Joint release of SPRs and Covid-19 flare-ups in Europe bring down the price of crude oil


Oil price Friday

The price of crude oil continues to fall on Friday as the news of the joint release of Strategic Petroleum Reserves, SPRs, started gathering momentum, although there is no official response in this regard from any country involved in the unprecedented move.

As of 15:30 GMT, price of WTI and Brent stood at $76.56 and $79.16 respectively – a significant fall, reaching a 7-year-high mark in October; the prices fell almost by 3%

The development follows the 3-and-half-hour-long virtual meeting between President Biden and his Chinese counterpart, President Xi Jinping.

Although both sides refrained from publishing what was discussed during the relatively long meeting, the Chinese media was upbeat about the improvement of the ties in certain areas of the world’s top two economies.

The Chinese media was confident that the current energy crunch was on top of the agenda during the meeting between the two leaders and implied that President Biden suggested the joint release of the strategic petroleum reserves to keep the prices at a reasonable level.

Analysts believe that the Biden administration has asked Japan, South Korea and India to join the mission that they plan to embark on along with China. Their response, however, is not clear as of Friday; the Asian countries in the region have had already made a series of appeals to the OPEC+ to increase the production, but to no avail.

The rising energy cost has taken its toll on the economies in Asia as a whole. In this context, it is surprising if they do not warm to the American idea in the current form.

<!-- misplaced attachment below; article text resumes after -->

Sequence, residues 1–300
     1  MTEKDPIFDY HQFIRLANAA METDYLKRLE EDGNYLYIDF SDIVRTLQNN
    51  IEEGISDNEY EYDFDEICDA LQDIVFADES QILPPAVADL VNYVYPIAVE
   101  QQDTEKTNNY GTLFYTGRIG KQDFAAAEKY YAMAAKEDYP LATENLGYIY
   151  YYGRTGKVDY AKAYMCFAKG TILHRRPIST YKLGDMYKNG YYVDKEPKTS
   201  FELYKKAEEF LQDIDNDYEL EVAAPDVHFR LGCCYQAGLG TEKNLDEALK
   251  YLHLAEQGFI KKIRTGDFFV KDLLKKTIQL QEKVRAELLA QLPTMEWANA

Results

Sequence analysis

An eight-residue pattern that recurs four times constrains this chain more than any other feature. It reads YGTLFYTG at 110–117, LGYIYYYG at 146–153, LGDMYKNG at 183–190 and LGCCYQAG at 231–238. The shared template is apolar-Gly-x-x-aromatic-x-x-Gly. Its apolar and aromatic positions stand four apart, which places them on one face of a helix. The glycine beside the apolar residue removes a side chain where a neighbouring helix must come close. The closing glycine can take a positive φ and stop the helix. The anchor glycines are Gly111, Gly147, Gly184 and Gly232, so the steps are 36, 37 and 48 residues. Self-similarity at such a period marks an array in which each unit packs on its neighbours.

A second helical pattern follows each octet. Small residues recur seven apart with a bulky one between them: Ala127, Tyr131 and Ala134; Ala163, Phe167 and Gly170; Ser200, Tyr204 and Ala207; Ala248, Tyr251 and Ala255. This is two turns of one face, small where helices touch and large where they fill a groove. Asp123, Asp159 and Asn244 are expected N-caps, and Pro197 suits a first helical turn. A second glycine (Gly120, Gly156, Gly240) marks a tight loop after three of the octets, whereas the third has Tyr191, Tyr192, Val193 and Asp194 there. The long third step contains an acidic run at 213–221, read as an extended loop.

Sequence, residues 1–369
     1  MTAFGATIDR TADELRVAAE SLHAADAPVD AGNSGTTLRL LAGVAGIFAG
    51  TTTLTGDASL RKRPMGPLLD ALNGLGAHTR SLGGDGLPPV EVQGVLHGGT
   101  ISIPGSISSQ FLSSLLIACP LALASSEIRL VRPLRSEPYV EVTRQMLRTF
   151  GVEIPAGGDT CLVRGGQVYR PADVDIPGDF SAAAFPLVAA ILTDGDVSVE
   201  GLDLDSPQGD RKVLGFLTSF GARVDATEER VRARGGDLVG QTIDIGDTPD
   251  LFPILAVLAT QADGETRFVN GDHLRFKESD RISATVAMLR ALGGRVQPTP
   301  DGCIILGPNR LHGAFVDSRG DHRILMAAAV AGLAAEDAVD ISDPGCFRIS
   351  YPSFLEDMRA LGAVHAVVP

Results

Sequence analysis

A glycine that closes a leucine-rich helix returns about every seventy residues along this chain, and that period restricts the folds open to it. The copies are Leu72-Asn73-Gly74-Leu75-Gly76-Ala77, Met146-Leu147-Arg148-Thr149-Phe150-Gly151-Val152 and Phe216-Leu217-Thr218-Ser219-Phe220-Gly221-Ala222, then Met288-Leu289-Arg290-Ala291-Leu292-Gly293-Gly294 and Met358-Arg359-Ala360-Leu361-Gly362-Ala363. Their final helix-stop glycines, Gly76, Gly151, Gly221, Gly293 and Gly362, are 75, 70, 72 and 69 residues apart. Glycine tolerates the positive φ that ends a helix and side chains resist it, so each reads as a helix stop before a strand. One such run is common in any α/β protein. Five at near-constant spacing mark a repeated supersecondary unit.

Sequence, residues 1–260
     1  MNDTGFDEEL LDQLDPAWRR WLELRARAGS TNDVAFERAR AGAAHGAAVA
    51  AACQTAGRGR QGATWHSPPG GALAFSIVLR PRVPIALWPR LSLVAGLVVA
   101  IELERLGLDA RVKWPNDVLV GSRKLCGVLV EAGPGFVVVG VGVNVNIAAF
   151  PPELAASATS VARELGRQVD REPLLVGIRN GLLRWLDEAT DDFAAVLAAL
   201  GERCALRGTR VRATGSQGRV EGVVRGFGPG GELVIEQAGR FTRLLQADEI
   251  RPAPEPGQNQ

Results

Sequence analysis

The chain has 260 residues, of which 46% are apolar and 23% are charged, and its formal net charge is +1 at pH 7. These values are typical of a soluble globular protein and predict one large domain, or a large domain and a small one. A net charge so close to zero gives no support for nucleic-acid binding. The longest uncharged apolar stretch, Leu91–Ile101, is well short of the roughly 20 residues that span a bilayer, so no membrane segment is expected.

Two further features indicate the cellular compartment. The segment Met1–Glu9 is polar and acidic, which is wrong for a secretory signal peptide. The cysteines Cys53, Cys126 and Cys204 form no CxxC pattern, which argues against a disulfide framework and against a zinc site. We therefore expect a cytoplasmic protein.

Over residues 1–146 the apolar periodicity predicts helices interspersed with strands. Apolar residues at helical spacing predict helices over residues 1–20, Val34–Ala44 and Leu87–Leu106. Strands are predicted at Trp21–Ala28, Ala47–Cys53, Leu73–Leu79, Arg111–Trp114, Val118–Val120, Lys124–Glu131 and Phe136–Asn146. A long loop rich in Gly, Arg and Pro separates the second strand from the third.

No doubt, it is a major blow to the OPEC+ in the short run. In the long run, however, the OPEC+ can hit back by raising the price of crude oil in order to compensate for the artificially-induced fall in oil prices.

Since the SPRs are limited quantities, only meant to be used in emergencies, the joint release of SPRs is never going to be a long term solution.

With the EIA, the US Energy Information Administration, predicting a fall in demand at the beginning of next year, the sudden blow to the revenue generation of the OPEC+ members due to joint release of the SPRs, can cause some damage beyond the psychological level.

It is not something they anticipated at this time; certainly no on this scale in a joint manner.

In Europe, meanwhile, the fourth wave of the Coronavirus has raised its ugly head again with countries going into full lockdown in the familiar pattern.

Austria is already in full lockdown and Germany declared a health emergency.

As a result, the demand for crude oil will dramatically fall in Europe as the winter sets in.

When the crude markets try to absorb the shocks of the joint release of SPRs, the resurgence of the pandemic can only make matters worse for the volatile market.



























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